“There are some folks who planted some really nice landscapes,” said Steve Fairtrace, the district’s field project manager.
Homeowners can relocate trees, although non-native, exotic trees will be removed, they said. Homeowners may be able to work out a deal to save native trees, if they agree to cover the cost of maintenance. Many shrubs will be saved. Sod will be replanted.
“When we work with homeowners to save a tree, then there is an obligation for them to maintain it,” said John Hixenbaugh, who oversees right-of-ways for the district. “So yes, there will be an option for that, for trees that remain.”
When we work with homeowners to save a tree, then there is an obligation for them to maintain it. So yes, there will be an option for that, for trees that remain.
John Hixenbaugh, chief of the district’s right-of-way section
But there will also be cases where some trees, like towering palms, have to come down.
“An 80-foot palm, there’s no maintenance you can do to avoid that tree going into the system,” said Joel Arrieta, the district’s operations and maintenance chief.
Keeping the canal free of debris is critical to flood control, especially during hurricanes when heavy winds can fill canals with debris, they said. After Hurricane Wilma in 2005, the district spent $614,000 to remove vegetation from the canal along the Pinecrest stretch, said Rory Feeney, the district’s land resources bureau chief.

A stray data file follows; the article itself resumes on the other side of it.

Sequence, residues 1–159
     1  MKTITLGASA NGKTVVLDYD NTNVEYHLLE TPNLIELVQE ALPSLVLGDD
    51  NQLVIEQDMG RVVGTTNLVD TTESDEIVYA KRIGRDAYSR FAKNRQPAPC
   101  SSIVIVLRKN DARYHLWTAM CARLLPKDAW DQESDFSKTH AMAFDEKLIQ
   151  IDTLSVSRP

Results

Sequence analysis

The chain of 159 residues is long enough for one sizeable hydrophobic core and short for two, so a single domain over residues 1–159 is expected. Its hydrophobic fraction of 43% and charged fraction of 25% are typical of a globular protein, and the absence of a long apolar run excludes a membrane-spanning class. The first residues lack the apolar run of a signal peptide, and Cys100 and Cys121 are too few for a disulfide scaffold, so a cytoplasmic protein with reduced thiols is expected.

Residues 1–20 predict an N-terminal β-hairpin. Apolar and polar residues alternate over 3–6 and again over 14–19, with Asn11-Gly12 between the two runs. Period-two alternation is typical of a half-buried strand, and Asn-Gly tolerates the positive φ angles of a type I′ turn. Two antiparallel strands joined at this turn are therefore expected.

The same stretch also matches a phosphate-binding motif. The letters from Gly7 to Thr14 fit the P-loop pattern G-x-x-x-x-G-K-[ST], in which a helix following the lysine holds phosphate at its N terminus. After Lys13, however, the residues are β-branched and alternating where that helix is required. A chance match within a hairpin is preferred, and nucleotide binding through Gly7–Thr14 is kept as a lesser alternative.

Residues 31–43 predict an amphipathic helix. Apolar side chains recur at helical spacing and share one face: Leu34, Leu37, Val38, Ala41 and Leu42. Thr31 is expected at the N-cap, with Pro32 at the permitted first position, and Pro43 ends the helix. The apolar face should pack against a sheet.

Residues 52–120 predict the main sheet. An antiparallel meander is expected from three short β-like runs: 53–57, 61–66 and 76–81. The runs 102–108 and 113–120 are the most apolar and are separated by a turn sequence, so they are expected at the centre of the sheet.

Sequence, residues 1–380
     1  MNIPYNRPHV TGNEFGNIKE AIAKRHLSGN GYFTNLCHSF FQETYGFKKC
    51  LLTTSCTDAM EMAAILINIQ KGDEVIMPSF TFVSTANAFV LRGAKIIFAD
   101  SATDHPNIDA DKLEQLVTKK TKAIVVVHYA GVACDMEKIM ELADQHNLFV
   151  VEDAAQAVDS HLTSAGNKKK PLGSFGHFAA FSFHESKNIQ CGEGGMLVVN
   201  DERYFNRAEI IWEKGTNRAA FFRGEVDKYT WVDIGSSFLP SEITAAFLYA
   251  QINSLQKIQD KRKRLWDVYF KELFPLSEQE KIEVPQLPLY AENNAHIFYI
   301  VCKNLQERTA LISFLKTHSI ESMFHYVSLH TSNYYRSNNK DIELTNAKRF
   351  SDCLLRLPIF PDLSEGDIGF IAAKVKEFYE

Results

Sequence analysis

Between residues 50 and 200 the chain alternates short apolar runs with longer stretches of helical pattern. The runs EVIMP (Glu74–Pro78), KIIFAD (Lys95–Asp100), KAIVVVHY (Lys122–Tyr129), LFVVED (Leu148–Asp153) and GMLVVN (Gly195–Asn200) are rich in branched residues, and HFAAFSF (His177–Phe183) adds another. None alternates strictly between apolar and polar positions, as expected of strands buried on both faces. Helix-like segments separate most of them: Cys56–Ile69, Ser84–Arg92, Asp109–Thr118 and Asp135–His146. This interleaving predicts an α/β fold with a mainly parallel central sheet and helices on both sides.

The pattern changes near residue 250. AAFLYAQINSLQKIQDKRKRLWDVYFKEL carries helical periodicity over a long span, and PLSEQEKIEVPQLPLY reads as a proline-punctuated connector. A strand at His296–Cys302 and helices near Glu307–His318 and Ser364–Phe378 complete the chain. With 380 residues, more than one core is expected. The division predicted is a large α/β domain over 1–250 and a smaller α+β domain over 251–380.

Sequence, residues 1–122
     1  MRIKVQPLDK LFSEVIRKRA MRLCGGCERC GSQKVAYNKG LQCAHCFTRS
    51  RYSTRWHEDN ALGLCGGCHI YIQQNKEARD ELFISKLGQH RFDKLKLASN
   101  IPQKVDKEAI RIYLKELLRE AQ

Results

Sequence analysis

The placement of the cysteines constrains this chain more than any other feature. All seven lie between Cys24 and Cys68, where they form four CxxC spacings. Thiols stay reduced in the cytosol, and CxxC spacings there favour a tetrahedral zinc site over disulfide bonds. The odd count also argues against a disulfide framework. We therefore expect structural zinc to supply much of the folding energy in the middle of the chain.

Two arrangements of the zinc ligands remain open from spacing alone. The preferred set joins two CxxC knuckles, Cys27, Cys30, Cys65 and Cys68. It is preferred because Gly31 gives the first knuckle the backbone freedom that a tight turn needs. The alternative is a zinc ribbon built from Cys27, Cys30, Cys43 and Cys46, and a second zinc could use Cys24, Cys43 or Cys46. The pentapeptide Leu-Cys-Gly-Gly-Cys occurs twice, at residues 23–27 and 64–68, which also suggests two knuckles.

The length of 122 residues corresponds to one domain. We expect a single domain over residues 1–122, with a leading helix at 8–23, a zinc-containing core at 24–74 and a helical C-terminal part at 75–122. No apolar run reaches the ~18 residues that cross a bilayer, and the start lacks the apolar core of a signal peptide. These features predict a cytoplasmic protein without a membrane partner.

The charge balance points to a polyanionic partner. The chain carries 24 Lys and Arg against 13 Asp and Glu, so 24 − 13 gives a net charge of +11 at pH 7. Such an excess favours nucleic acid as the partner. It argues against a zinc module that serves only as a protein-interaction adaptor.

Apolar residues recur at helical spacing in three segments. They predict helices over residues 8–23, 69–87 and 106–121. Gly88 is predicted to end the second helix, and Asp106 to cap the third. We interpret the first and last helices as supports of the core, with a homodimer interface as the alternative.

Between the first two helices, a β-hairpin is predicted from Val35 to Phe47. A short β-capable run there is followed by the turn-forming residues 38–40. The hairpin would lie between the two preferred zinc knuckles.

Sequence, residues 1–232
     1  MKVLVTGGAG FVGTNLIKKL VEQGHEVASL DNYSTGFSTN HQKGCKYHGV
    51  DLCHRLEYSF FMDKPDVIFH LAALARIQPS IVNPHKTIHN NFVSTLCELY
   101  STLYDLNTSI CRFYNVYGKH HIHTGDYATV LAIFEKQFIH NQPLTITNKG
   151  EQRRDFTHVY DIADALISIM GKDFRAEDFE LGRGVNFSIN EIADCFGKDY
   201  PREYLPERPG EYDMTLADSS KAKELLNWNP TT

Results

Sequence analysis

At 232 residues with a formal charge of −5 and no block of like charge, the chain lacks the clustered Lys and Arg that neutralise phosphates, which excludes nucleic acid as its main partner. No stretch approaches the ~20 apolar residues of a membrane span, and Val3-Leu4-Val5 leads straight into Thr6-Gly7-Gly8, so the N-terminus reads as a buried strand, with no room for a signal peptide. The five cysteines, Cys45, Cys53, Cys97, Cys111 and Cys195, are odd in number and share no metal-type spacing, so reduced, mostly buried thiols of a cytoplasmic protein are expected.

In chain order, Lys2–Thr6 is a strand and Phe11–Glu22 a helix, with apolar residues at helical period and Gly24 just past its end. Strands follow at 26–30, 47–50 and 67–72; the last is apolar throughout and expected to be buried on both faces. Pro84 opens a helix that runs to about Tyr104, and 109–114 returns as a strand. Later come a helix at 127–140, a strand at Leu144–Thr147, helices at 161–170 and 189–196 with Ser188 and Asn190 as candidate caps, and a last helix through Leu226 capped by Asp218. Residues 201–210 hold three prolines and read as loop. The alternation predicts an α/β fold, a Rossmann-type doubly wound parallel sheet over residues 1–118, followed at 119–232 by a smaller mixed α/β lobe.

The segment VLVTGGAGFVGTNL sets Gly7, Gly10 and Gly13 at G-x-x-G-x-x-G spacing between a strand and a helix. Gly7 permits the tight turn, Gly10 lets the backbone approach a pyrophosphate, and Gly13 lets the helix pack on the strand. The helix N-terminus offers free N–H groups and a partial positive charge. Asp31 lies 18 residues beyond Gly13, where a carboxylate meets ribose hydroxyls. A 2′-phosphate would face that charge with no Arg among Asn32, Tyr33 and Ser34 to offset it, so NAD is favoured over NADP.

D’Arcy remained skeptical, saying talking to homeowners individually still sounded vague.
“Doesn’t sound like much of a concession,” he said in an email.
Going into the project, district officials say they expected homeowners to have concerns. They created a website to explain the project, sent out mailers and hung fliers on front doors. They also picked this stretch for clearing, knowing it would likely be the toughest. In upcoming years, they will need to continue the work on the rest of the 7-mile stretch. That work will affect hundreds of homeowners and extend into Miami-Dade County, which a county spokeswoman said would require a permit to remove trees. The team could not say when that work would be done.
Corradino said all he wanted was to ensure trees that could be saved would be saved.
“I don’t have anything in writing,” he said. “But they told us they are going to … evaluate things and they’re not going to cut things more than 20 feet from the canal bank and more than 25 feet tall, and they would exercise discretion. That’s really what we’re looking for.”
Starting work in Pinecrest, he said, might also end up being a boon for the district.
“This will be the hardest place they will ever do a project,” he said. “We’re a pain in the ass.”